Cheburechnaya: The vegetarian edition
Here's City Spoonful's review of a recent all-vegetarian meal at Bukharian favorite, Cheburechnaya, in Rego Park. The gist: Yes you can go veg at Cheburechnaya (known for skewered meats and meaty dumplings/soups) and still get a pretty decent meal. (Do you buy it, El Jefe?)
Miss Masala, you were asking what a vegetarian might find to eat here -- I hope this helps to give some idea. Read on!
Cheburechnaya in Rego Park, Queens, serves the kosher foods eaten by Central Asia’s Bukharian Jewish communities. It’s not Russian–Middle Eastern fusion, as the restaurant’s website implies. Rather, it’s what fusion food aspires to be: the melding of disparate culinary traditions that can only occur over time, when different ethnic groups live side by side and, inevitably, share recipes.
The Eastern European influences on the menu are obvious (borscht), but the grilled meats, noodle soups, steamed dumplings, stuffed samosa-like pastries and flatbreads clearly invoke Asian cooking.
We started with several orders of chebureki, the deep-fried, empanada-like Russian snack from which Cheburechnaya takes its name. Eager to try something Bukharian, we also ordered some samcy, baked pastries stuffed with meat and vegetables.
The mushroom chebureki had a savory, flavorful filling, while the cabbage chebureki was stuffed with a piquant mixture of cabbage and pureed tomato that was still crunchy even after a thorough deep frying. Unfortunately, the chewy, oily crust hardly did justice to the excellent fillings.
The pumpkin and potato samcy were light and flaky, with none of the chebureki’s greasiness, though their fillings were less flavorful. The pumpkin-filled samcy was the more popular of the two—it disappeared almost immediately.
Next up: a quartet of vegetables—Israeli salad, assorted sour vegetables, marinated white mushrooms and a skewer of grilled vegetables—accompanied by half-loaves of plump, round flatbread.
The Israeli salad was a light, refreshing mix of delicately sliced vegetables tossed with olive oil and lemon juice. In contrast, the marinated white mushrooms, a typical Russian side dish, had an intensely acidic, vinegary taste.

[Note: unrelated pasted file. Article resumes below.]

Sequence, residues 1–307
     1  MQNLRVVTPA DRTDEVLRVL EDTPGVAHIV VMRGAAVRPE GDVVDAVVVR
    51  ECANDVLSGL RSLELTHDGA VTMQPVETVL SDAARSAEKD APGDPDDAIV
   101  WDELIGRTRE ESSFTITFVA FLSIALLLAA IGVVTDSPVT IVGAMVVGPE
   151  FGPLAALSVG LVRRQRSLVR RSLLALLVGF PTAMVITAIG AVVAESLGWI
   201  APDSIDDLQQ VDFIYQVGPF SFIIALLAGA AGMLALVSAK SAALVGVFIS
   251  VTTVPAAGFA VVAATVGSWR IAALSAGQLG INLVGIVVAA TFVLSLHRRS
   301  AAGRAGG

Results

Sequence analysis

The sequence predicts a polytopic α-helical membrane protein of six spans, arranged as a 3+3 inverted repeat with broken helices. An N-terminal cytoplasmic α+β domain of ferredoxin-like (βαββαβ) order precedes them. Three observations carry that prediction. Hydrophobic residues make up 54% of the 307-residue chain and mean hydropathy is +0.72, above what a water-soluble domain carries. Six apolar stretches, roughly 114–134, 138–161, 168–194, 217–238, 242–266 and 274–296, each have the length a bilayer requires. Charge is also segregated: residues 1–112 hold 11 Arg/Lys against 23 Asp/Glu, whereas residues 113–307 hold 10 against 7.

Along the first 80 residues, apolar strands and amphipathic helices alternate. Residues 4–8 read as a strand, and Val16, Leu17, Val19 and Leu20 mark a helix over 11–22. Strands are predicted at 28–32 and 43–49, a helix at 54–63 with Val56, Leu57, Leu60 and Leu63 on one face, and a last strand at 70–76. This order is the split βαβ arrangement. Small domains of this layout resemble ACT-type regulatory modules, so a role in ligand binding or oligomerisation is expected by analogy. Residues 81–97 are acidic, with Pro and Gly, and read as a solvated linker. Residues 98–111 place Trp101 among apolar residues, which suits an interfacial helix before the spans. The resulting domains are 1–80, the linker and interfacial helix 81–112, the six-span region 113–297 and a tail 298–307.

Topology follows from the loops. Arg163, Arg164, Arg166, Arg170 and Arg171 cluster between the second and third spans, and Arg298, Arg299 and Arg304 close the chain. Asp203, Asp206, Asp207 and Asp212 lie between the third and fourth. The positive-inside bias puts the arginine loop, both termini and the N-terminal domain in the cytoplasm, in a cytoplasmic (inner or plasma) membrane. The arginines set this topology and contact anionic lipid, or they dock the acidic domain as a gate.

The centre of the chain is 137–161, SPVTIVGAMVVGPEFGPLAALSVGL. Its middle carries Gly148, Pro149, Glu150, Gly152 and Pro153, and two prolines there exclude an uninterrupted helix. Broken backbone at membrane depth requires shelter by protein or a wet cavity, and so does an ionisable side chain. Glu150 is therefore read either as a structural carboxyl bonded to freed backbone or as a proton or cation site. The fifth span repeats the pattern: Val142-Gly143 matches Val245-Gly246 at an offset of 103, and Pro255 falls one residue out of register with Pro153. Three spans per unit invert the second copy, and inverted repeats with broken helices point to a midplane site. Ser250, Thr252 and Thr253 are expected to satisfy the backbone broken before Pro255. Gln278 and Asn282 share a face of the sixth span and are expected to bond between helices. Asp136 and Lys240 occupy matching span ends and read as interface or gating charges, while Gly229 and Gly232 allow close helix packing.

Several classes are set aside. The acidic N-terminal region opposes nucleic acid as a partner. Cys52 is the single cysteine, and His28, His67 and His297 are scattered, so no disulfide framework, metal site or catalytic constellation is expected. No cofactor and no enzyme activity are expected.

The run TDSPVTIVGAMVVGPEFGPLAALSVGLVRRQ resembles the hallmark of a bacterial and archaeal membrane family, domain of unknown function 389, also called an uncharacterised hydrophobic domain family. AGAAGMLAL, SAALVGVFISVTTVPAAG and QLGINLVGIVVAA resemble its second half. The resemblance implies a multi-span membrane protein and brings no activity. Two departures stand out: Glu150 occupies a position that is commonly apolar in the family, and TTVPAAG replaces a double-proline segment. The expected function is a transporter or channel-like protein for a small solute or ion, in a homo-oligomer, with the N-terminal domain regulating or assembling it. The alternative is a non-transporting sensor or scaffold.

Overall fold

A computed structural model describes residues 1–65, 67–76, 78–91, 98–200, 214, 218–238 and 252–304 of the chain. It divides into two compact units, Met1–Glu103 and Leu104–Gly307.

The vegetable shish kebabs were grilled well—soft but firm, with crispy charred edges. A whole onion, still in its skin, was distinctly sweet. A single plum tomato with blackened skin revealed smoky-flavored, liquefied insides at the first cut of a knife. The soft, elastic flatbread came in handy for soaking up the tomato juices.
The sour vegetables would have been at home in any Jewish deli. A huge hunk of red cabbage was mildly sour and still crunchy, while shredded white cabbage tossed with carrots and parsley had a vinegary bite and spicy, fragrant undertones from coriander seeds. The whole pickled tomato—still firm and flavorful but endowed with a tangy, dill-infused kick—was the highlight of the platter.
After all those pickled vegetables, we needed something sweet. Our waitress recommended the chak chak (honey-coated fried noodles) and the baklava. The baklava was delicate, fresh and satisfyingly sweet, but the chak chak was a dental nightmare. The solidified honey holding the stale fried noodles together was almost impossible to chew, and we feared for our fillings.
By the time the bill arrived, all that food, especially the heavy chebureki, had caught up with us. Leaning back, hands cradling overly full bellies, we prepared to pay handsomely for our gluttony. But the total was very low: easily less than $20 per person, including the tip.
As vegetarians, we may have missed out on some of Cheburechnaya’s specialties—the huge selection of grilled meats, beef-stuffed dumplings and meaty soups—but we left satisfied.
Photos posted at City Spoonful: http://www.cityspoonful.com/intrepid-...
92-09 63rd Dr, Queens, NY 11374